The particle horizon (also called the cosmological horizon, the comoving horizon (in Dodelson's text), or the cosmic light horizon) is the maximum distance from which light from

particle
In the Outline of physical science, physical sciences, a particle (or corpuscule in older texts) is a small wikt:local, localized physical body, object to which can be ascribed several physical property, physical or chemical property, chemical p ...

s could have traveled to the observer
An observer is one who engages in observation or in watching an experiment.
Observer may also refer to:
Computer science and information theory
* In information theory, any system which receives information from an object
* State observer in con ...

in the age of the universe
In physical cosmology
Physical cosmology is a branch of cosmology
Cosmology (from Ancient Greek, Greek κόσμος, ''kosmos'' "world" and -λογία, ''-logia'' "study of") is a branch of astronomy concerned with the study of the chro ...

. Much like the concept of a horizon, terrestrial horizon, it represents the boundary between the observable and the unobservable regions of the universe, so its distance at the present epoch defines the size of the observable universe. Due to the expansion of the universe, it is not simply the age of the universe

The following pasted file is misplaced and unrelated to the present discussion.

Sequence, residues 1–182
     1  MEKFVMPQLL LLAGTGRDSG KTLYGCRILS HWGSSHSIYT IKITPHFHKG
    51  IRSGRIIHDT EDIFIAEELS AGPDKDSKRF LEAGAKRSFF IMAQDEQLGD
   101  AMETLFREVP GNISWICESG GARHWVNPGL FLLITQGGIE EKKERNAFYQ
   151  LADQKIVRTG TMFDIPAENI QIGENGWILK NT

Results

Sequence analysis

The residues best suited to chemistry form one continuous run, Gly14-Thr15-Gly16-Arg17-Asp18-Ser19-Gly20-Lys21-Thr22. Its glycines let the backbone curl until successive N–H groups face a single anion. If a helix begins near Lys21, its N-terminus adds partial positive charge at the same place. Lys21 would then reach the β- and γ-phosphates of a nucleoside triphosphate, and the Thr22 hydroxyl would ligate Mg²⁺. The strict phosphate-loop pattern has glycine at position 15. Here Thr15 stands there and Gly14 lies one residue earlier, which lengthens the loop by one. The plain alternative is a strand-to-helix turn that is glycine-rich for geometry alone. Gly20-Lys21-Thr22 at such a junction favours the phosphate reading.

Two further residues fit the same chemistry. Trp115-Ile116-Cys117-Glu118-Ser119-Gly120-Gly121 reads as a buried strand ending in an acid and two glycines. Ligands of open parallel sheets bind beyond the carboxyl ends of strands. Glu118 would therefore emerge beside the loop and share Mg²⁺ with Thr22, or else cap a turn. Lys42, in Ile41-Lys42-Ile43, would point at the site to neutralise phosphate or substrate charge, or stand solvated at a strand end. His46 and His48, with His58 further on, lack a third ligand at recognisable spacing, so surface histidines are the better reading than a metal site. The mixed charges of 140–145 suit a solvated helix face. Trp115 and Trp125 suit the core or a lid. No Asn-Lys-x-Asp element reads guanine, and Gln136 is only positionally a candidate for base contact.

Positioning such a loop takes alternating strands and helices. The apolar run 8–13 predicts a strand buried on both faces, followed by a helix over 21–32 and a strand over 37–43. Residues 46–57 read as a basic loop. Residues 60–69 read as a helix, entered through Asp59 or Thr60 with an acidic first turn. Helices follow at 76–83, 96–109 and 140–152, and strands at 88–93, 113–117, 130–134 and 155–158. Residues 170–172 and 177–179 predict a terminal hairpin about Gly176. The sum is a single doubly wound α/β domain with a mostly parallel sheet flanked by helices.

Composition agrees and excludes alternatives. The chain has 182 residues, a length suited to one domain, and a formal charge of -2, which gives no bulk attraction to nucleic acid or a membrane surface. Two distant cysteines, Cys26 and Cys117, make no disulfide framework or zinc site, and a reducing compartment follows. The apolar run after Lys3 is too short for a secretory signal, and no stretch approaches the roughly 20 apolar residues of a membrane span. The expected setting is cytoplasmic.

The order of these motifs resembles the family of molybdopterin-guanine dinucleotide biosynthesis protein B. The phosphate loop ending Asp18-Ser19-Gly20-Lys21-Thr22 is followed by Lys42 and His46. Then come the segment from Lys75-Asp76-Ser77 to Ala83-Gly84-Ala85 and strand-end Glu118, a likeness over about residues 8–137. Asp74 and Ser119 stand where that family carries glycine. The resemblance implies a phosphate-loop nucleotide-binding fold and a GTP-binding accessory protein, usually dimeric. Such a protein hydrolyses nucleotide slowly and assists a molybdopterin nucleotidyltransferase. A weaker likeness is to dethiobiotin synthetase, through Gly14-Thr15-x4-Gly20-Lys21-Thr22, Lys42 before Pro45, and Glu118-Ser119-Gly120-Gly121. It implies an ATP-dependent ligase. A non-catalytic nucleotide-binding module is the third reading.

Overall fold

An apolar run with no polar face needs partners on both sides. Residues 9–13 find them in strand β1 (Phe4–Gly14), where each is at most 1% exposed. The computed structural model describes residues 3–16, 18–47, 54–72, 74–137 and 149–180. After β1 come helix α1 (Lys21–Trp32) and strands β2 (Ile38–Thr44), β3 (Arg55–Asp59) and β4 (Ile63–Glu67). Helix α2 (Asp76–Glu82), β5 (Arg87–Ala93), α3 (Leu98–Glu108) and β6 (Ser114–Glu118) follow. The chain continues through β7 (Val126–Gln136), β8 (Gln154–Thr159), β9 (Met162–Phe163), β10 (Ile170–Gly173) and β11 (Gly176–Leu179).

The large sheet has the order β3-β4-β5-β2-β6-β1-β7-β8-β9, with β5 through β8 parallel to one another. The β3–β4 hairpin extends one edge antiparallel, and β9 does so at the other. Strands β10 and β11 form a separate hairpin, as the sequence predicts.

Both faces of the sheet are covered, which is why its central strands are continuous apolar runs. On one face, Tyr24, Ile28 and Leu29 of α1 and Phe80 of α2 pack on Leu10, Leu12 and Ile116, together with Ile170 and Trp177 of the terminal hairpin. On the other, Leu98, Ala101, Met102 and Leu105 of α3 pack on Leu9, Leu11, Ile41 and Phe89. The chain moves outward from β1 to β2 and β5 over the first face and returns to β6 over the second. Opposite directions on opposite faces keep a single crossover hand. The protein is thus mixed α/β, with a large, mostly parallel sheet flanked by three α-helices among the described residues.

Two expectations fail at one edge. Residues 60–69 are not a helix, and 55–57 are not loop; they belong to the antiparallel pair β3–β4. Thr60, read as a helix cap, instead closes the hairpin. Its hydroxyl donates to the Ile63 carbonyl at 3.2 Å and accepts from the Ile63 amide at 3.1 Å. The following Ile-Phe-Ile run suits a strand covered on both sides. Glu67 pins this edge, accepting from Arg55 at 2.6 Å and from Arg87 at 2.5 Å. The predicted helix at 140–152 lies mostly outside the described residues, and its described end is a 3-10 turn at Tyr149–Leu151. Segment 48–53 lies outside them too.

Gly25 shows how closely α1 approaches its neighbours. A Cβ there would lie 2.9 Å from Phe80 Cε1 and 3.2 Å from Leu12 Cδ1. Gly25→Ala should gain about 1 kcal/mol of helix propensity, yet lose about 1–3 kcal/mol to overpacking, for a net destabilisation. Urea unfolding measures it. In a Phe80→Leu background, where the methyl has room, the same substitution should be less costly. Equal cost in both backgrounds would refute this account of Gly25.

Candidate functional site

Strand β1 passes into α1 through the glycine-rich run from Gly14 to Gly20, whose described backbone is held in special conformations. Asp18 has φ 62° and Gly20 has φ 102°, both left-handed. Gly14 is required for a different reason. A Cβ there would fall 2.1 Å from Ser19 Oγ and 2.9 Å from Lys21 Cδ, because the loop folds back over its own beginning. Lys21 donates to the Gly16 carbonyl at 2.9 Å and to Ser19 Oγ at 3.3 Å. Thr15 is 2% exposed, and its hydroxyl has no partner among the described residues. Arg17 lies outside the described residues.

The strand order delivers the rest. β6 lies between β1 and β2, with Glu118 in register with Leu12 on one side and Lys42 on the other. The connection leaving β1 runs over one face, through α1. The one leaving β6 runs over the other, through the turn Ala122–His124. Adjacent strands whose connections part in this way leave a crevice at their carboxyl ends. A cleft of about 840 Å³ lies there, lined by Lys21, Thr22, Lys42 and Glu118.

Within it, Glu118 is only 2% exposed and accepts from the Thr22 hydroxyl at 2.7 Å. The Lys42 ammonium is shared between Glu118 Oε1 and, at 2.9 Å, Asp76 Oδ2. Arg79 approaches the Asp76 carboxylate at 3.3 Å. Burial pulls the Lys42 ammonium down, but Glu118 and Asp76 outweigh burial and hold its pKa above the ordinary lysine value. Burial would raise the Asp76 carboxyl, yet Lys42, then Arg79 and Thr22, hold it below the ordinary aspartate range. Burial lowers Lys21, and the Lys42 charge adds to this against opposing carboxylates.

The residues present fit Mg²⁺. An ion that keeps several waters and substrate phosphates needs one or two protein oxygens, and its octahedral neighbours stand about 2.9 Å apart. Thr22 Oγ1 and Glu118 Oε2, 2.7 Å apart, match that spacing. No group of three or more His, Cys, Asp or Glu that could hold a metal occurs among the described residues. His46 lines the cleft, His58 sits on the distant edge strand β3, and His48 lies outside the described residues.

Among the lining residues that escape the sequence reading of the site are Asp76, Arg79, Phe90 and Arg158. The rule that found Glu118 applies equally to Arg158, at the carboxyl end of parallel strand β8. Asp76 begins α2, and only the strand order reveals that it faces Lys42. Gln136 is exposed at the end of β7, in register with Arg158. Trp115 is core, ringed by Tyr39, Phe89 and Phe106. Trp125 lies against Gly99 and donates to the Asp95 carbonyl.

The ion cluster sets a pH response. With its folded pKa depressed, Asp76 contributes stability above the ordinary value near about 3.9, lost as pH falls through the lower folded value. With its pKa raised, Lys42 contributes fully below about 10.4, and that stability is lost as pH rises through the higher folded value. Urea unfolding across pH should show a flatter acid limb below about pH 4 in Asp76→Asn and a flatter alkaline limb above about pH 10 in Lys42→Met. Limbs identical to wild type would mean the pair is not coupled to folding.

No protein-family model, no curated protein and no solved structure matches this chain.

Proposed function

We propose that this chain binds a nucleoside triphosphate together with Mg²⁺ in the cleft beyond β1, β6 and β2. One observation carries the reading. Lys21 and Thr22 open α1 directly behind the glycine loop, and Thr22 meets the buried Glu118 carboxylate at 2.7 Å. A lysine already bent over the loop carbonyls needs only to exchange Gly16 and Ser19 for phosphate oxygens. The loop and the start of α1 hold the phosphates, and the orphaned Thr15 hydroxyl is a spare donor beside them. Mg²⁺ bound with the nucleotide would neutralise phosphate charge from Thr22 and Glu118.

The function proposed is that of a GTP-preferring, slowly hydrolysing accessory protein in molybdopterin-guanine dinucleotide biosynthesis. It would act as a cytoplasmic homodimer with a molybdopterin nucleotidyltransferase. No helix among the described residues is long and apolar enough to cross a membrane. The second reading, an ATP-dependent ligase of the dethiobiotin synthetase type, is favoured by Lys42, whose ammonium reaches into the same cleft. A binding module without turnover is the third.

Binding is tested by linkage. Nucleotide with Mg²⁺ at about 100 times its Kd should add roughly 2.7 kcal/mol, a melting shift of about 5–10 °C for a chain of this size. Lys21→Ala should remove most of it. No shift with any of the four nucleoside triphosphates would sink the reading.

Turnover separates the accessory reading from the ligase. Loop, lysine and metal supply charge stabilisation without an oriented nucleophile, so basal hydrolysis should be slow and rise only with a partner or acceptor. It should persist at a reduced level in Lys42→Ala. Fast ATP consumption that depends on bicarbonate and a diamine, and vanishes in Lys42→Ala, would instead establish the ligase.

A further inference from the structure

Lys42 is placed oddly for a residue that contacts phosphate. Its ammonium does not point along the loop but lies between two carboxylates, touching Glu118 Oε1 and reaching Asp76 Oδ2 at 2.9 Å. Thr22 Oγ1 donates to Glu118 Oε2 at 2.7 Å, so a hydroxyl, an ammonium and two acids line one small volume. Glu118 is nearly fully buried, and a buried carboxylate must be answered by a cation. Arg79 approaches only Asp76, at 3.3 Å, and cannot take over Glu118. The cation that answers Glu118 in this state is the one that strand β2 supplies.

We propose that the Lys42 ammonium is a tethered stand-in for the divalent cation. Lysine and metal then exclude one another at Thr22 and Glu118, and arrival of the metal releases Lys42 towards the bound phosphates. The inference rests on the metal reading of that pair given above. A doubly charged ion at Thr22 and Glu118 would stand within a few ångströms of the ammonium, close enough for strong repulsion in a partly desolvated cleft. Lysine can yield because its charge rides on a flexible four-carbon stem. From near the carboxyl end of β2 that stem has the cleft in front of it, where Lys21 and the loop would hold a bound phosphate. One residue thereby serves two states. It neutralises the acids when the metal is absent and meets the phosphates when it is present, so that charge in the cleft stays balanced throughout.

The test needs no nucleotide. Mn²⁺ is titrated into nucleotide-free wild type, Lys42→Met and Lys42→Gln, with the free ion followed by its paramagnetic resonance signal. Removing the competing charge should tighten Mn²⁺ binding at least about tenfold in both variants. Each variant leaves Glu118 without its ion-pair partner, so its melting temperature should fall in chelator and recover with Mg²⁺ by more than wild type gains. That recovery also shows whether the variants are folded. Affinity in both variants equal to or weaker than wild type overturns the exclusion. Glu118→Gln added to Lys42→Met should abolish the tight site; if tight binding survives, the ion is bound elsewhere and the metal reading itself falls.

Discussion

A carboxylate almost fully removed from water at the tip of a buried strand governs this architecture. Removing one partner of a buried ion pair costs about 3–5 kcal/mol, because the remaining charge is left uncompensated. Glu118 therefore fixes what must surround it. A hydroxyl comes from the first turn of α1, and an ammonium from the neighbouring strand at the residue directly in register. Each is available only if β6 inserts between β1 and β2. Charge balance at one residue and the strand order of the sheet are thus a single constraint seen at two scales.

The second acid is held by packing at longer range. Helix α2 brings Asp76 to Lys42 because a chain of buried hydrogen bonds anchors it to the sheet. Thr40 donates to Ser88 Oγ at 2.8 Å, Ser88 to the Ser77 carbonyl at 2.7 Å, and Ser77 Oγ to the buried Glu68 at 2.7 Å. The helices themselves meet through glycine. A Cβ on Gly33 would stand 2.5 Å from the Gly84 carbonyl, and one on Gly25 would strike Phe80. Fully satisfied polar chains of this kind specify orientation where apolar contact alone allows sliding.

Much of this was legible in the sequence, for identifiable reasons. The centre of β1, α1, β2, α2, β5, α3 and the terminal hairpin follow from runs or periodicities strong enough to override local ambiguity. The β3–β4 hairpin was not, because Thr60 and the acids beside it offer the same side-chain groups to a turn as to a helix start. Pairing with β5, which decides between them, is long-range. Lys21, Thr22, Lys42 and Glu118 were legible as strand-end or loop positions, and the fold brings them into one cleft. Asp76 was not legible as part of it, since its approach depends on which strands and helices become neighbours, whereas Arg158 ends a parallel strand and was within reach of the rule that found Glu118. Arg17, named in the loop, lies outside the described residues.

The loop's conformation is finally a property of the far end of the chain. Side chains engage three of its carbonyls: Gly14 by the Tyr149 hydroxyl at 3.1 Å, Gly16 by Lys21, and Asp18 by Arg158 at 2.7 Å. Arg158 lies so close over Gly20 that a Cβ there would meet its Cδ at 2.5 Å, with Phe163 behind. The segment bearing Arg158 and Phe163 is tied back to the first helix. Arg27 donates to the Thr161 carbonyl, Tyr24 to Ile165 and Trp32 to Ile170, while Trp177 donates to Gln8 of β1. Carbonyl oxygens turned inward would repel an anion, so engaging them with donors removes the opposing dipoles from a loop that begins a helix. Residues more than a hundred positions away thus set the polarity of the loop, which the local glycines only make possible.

In physical cosmology
Physical cosmology is a branch of cosmology
Cosmology (from Ancient Greek, Greek κόσμος, ''kosmos'' "world" and -λογία, ''-logia'' "study of") is a branch of astronomy concerned with the study of the chro ...

times the speed of light (approximately 13.8 billion light-years), but rather the speed of light times the conformal time. The existence, properties, and significance of a cosmological horizon depend on the particular physical cosmology, cosmological model.
Conformal time and the particle horizon

In terms of comoving distance, the particle horizon is equal to the conformal time $\backslash eta$ that has passed since the Big Bang, times the speed of light $c$. In general, the conformal time at a certain time $t$ is given by :$\backslash eta\; =\; \backslash int\_^\; \backslash frac,$ where $a(t)$ is the Scale factor (cosmology), scale factor of the Friedmann–Lemaître–Robertson–Walker metric, and we have taken the Big Bang to be at $t=0$. By convention, a subscript 0 indicates "today" so that the conformal time today $\backslash eta(t\_0)\; =\; \backslash eta\_0\; =\; 1.48\; \backslash times\; 10^\backslash text$. Note that the conformal time is ''not'' theage of the universe
In physical cosmology
Physical cosmology is a branch of cosmology
Cosmology (from Ancient Greek, Greek κόσμος, ''kosmos'' "world" and -λογία, ''-logia'' "study of") is a branch of astronomy concerned with the study of the chro ...

, which is estimated around $4.35\; \backslash times\; 10^\backslash text$. Rather, the conformal time is the amount of time it would take a photon to travel from where we are located to the furthest observable distance, provided the universe ceased expanding. As such, $\backslash eta\_0$ is not a physically meaningful time (this much time has not yet actually passed); though, as we will see, the particle horizon with which it is associated is a conceptually meaningful distance.